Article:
(August 2006)

In collaboration with the CITES Service of the Italian State Forestry Corps the Jane Goodall Institute in Italy (JGI Italia) has rescued a nine-year-old male chimp that was being kept in a caravan in the Province of Ancona, Italy and has arranged for his transfer to the sanctuary “JGI Chimpanzee Eden” in South Africa directed by Eugene Coussons. Taken away from his mother at the age of one Cozy, as he is called, was legally sold by American traders to an Israeli juggler who trained him for small travelling shows. Cozy performed on tour in Europe until in 2003 his owner fell ill and died in an Italian hospital. While waiting to see what would become of him, he was kept in a cage inside a camper van for three years without once seeing daylight. His only consolation was the care of the one-time partner of the juggler, who looked after him although not without considerable difficulty.
(Fig1: "Chimpanzee Eden" - Photo © Eugene Coussons/JGI - South Africa.)
The CITES Service immediately did all they could to find a suitable place for the chimp to live. As has been the case in the past, collaboration with the Jane Goodall Institute was crucial, this international no-profit organisation has been dedicated to the conservation of chimpanzees and their natural environment for years, as well as to environmental education and to cooperation in favour of development. The “JGI Chimpanzee Eden”, a wildlife sanctuary within the Umhloti Nature Reserve in Mpumalanga, in the heart of South Africa, is the largest of all the African reserves, both in terms of its geographical extension and its infrastructure. The Jane Goodall Institute sanctuary is the perfect solution for Cozy as it will allow for his rehabilitation and partial return to nature.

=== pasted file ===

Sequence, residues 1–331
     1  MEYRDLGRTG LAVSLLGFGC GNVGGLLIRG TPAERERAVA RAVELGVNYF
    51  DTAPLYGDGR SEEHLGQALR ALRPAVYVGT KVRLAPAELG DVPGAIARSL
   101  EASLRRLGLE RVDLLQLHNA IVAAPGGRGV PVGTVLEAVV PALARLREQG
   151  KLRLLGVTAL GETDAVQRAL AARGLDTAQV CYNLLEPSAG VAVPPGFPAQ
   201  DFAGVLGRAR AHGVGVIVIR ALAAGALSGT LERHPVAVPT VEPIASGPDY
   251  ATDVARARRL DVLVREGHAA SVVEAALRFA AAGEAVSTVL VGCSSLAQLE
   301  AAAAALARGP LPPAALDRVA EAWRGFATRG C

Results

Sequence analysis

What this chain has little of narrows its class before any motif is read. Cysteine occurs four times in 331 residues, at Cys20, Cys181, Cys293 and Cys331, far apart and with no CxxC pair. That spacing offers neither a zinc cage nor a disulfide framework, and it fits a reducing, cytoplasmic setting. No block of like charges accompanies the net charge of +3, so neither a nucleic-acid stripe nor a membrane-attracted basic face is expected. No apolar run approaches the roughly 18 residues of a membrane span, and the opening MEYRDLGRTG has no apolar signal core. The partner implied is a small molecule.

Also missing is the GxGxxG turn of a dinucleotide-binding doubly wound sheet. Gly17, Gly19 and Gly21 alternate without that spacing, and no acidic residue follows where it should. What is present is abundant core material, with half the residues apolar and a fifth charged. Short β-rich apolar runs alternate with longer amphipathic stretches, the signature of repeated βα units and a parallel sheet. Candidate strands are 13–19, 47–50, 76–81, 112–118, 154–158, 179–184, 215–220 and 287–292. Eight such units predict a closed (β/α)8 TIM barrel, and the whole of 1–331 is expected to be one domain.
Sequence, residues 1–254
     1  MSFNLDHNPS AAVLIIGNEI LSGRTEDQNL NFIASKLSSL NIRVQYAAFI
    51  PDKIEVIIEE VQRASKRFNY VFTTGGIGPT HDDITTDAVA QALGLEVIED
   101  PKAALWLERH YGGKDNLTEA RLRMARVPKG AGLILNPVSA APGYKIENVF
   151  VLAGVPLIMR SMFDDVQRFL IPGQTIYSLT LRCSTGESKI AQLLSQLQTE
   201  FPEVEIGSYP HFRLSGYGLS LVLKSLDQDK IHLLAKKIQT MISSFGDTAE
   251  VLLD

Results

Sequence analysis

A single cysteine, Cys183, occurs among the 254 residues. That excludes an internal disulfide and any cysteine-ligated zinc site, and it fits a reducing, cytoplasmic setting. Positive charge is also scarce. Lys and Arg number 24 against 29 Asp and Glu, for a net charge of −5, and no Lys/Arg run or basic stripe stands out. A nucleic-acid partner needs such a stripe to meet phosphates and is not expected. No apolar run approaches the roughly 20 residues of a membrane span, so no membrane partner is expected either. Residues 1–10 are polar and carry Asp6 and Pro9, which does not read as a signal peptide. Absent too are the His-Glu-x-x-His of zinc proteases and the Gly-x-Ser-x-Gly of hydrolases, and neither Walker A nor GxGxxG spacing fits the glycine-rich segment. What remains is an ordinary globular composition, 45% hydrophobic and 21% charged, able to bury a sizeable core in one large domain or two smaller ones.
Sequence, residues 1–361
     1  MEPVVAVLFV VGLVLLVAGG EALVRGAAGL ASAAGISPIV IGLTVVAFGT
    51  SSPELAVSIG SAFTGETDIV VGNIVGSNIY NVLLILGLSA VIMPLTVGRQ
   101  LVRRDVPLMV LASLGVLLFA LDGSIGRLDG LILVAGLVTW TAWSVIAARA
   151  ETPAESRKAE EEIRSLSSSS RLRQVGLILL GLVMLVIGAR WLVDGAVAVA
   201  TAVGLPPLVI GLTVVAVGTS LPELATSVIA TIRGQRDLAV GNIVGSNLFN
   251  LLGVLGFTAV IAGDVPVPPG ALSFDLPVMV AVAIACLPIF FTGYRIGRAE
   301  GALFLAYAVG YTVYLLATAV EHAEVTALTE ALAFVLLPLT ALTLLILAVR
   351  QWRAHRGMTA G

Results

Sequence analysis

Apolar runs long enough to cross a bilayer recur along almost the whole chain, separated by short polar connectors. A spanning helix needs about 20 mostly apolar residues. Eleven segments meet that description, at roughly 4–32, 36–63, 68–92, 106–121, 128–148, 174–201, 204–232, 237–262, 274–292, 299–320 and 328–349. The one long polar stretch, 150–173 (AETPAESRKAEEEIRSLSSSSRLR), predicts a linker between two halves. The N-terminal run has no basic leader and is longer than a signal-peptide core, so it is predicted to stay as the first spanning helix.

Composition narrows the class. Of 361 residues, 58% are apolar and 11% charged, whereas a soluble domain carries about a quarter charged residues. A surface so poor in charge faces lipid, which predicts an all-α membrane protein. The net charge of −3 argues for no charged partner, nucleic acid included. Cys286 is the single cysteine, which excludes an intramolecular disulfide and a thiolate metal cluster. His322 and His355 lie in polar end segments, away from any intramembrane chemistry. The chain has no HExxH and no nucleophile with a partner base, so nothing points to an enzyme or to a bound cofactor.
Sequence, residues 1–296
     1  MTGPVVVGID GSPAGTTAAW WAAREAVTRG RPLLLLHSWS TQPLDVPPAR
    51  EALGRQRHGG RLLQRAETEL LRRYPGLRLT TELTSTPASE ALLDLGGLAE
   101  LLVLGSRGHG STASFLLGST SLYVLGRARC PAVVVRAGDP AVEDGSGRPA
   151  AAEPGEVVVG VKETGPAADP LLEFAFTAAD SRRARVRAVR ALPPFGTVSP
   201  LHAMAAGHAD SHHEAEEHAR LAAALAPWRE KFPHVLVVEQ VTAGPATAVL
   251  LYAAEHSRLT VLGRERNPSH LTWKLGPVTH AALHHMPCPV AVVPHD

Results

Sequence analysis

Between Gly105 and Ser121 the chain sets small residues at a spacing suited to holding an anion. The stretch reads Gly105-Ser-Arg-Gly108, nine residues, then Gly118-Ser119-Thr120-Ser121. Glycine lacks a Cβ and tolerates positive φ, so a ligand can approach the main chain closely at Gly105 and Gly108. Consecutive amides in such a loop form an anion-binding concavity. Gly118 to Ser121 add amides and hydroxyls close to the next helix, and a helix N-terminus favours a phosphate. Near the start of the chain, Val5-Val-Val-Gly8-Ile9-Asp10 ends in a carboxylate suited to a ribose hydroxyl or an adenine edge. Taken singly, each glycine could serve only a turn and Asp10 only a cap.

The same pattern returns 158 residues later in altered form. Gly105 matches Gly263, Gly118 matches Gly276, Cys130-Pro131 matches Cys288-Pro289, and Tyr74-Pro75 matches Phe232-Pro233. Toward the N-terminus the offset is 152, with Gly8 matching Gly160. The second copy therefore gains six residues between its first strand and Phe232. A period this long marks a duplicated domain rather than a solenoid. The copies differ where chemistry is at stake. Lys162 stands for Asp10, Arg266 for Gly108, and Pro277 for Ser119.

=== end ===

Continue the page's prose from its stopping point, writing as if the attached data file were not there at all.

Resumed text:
The Jane Goodall Institute has always been opposed to the use of primates for entertainment and advertising, as well as being in profound contrast with their normal life and habits, the apes are also subjected to physical and psychological violence. After this they take their places in the queue of chimpanzees who are over 6-8 years old and as such are no longer of use in the entertainment business; while waiting to be relocated they are kept in squalid zoos or put down by euthanasia.
fig2: "Quarantine Area" - Photo © Eugene Coussons/JGI - South Africa.)
It is clear that “Operation Cozy” has required considerable effort, both from the Forestry Corps and the Jane Goodall Institute. There are high expectations for the success of the initiative thanks to the presence of the specialists from the CITES Service, vets from the ASUR and experts from the Jane Goodall Institute in Italy and in South Africa.

Photographic material is available on request to: .